With the building of the headboard complete, it was time to give it some character. There's been a lot of talk lately about "reclaimed wood" and its popularity in various building projects. Obviously I didn't have wood to "reclaim" so I had to make do with what I had. After some Googling and Pinterest stalking, I stumbled on the oxidization process. The look was stunning and it seemed relatively simple, so I gave it a shot.
- Glass jar with lid
- Steel wool
- White vinegar (I didn't have enough white vinegar so I mixed white with apple cider vinegar and the process worked just fine)
- Tea bags (preferably a black tea but any will do)
- Paint brush
- Sealant/Protectant (in this case, wood oil)
Plan on allowing 6-7 days for your vinegar mixture to set up prior to beginning the oxidizing process.
To create your vinegar mixture:
- Fill your jar with enough vinegar to paint on to your project (more if you plan on storing it for additional projects in the future)
- Break apart the clump of steel wool and add to your jar
- Loosely place lid on and swoosh the contents so all the steel wool is covered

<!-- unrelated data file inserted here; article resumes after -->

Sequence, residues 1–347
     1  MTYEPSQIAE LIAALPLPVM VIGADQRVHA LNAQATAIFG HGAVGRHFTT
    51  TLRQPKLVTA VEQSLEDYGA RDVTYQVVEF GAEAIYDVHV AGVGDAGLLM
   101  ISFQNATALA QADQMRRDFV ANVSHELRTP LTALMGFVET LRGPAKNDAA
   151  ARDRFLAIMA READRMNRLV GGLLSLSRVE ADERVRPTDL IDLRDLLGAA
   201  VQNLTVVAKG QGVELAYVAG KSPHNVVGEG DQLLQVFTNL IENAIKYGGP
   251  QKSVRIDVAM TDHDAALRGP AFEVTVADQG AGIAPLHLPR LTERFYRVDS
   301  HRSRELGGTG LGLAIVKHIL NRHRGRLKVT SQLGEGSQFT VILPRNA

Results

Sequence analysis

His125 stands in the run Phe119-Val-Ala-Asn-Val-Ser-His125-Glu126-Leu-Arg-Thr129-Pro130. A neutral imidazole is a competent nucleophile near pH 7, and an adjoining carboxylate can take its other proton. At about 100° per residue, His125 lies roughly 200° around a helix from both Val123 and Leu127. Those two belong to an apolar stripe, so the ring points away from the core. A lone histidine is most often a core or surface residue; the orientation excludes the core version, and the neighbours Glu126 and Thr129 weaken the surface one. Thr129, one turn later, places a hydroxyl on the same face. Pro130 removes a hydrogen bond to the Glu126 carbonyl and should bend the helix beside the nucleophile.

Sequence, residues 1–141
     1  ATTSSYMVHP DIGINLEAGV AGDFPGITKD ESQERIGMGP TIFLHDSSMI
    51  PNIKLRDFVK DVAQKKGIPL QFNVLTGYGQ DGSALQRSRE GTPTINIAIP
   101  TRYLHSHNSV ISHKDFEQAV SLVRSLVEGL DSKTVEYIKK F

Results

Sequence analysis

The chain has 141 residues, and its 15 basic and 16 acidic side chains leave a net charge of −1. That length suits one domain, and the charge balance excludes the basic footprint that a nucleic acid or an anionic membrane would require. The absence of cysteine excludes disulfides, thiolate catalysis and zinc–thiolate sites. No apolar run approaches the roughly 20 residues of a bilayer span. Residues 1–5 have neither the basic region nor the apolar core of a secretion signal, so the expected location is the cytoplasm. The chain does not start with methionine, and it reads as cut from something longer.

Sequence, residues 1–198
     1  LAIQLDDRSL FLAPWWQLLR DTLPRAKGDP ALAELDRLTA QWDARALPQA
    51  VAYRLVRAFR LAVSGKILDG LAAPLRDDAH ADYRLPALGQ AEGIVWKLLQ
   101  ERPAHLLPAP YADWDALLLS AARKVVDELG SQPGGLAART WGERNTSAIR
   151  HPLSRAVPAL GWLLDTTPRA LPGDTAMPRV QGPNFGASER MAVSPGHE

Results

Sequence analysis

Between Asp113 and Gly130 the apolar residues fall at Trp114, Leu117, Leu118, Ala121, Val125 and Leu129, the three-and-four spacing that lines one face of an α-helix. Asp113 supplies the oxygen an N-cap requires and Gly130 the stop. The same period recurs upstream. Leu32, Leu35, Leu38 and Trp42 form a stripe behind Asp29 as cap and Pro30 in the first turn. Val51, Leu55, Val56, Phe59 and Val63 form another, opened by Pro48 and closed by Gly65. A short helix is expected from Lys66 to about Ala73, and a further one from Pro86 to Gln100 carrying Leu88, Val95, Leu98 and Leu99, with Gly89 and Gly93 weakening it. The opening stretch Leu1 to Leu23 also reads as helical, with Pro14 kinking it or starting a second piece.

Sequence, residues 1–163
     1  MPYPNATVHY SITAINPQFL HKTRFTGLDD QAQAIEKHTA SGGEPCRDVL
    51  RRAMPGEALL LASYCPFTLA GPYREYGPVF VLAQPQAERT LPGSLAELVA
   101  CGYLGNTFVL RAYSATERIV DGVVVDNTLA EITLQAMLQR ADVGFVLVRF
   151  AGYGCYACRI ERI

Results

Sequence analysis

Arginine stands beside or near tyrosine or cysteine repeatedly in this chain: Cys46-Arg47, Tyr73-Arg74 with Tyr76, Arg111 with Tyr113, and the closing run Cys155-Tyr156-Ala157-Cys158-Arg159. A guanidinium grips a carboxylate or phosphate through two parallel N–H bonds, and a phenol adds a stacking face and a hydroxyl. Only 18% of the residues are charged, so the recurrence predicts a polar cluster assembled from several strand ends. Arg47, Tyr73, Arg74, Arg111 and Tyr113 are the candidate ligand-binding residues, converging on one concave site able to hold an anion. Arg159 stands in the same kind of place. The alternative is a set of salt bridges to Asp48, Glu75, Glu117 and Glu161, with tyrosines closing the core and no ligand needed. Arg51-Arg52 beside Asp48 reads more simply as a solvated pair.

- Each day, give the jar a swoosh
- This mixture is ready for use 6-7 days after it's creation
- Brew 2-3 bags of tea in about 2 cups of water, the darker the brew the better.
- Paint the brewed tea on to your wood project. You won't see much of a difference but you need the tea to soak into the wood to enhance the chemical reaction. The end result is deeper and richer in color.
- Allow 30 minutes drying time
- Rinse your brush with water (you'll reuse it for the next step)
This next step happens fast...right before your eyes. Here is where you simply paint on the vinegar mixture that's been steeping for the last week and Voile! the magic happens.
After the project has dried, protect the wood with the sealant of your choice. In this case, I used a wood oil. I chose an oil because, unlike a dining table or coffee table, the wood would not experience a high amount of traffic or use. Options for actual protection and durability include water based or oil based polyurethane.
TIP: Be careful of drips, painting over areas that have already started to oxidize due to drippage will cause the wood to be darker in those spots.